There are two phases of the answer to the question ‘Why do you drive a car if you love your environment so much?’. One is the historical phase which involves the importance of vehicular transportation, the Geo-political landscape of India and the recent urban development in the last decades. The other is the Pappu phase. Let’s begin.
After 1947, India evolved quite slowly as compared to its neighbour China. While our Asian neighbour has seen a massive improvement in the standard of living, we also have raised several million people out of poverty. The main reason for the development was the electrification of India, the building of highways, and the growth of the IT sector. Although we still suffer from massive corruption, things are improving albeit at a slow rate.
Now, with massive economic growth comes increased consumption of resources. Both are almost linearly related to each other. Who is responsible for this pollution? , you might ask. Well in the NCR-Delhi region, vehicular pollution is one of the main factors for the pollution but it is also the reason for the massive economic growth of the region.
In order to curb the pollution, we have emission norms also known as Bharat Stage norms. Currently, India is using the BS-4 emission norms and will transition to BS-6 norms on April 1st 2020. These will cut down the pollution by almost 50%.
Now with all of this, you must be thinking ‘if pollution norms are so effective then why isn’t Delhi’s air nice and clean?’. The answer has two points and one factor.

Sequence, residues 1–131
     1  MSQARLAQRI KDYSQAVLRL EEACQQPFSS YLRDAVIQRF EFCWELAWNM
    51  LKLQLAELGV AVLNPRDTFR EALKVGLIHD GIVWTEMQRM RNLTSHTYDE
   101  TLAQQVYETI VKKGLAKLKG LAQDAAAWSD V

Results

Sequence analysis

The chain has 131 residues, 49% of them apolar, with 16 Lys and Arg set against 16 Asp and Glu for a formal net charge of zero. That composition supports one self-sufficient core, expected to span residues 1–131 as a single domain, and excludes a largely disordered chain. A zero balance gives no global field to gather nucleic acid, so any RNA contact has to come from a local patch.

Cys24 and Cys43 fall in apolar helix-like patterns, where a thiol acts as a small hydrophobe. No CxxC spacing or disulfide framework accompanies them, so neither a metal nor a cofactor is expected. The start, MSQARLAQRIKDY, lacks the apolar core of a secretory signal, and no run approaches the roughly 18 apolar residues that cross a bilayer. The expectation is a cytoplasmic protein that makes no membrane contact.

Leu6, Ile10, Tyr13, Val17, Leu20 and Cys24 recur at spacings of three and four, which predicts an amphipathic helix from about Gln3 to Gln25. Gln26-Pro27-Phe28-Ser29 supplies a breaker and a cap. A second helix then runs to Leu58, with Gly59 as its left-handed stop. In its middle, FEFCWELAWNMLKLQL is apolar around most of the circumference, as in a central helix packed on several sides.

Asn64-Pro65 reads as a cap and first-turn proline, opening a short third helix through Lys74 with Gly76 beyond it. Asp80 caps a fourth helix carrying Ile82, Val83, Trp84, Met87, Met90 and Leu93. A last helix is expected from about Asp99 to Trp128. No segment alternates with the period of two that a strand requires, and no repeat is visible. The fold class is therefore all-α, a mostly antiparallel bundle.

First, due to the presence of a decade old vehicles which are still being used in the city on a regular basis. You must have heard about the recent order of the supreme court to ban all petrol cars which are more than 15 years old and all diesel cars which are more than 10 years old in Delhi-NCR. Well, in reality, that order was actually meant to be delivered a few years earlier but it got lost in ‘bureaucracy’.
The other thing which got lost in ‘bureaucracy’ is the culling of the unregulated burning of garbage in the Ghazipur, Seemapuri, Nirman Vihar, Laxmi Nagar, Dilshad Garden, and Anand Vihar. People keep burning the garbage because nobody stops them and because nobody collects it from the road. The condition of someone living in Ghazipur is worse than the street dogs living outside my house, who get to breathe fresh air, drink clean water and eat non-toxic fruits and vegetables. Guess, the responsibility of providing basic needs to the millions of people got lost in bureaucracy somehow.
It is also the fault of the people who live in such areas and are not ready to accept the fact that they have a life-span of around 50 years and will probably die due to lung or kidney related diseases.
The reality is funnier than a meme. The rich and elite, who probably do not even live in Delhi but a nice clean town, were applauding the people who were bursting crackers late at night in Delhi by defying the supreme court’s order.
The funniest prank played on the people of Delhi is the Statue of Unity in Gujarat. You see according to a New York Times report, 75 million dollars were needed to get rid of the trash mountains surrounding Delhi but the government chose to spend 290 million dollars on a statue.
So next time when you see a dude from Seemapuri, or Delhi, drinking toxic water and breathing equally toxic air. Telling you to give up your car if you love the environment so much, just buy him another rocket or ‘Sutli-bomb’ so he may live-fast and die young.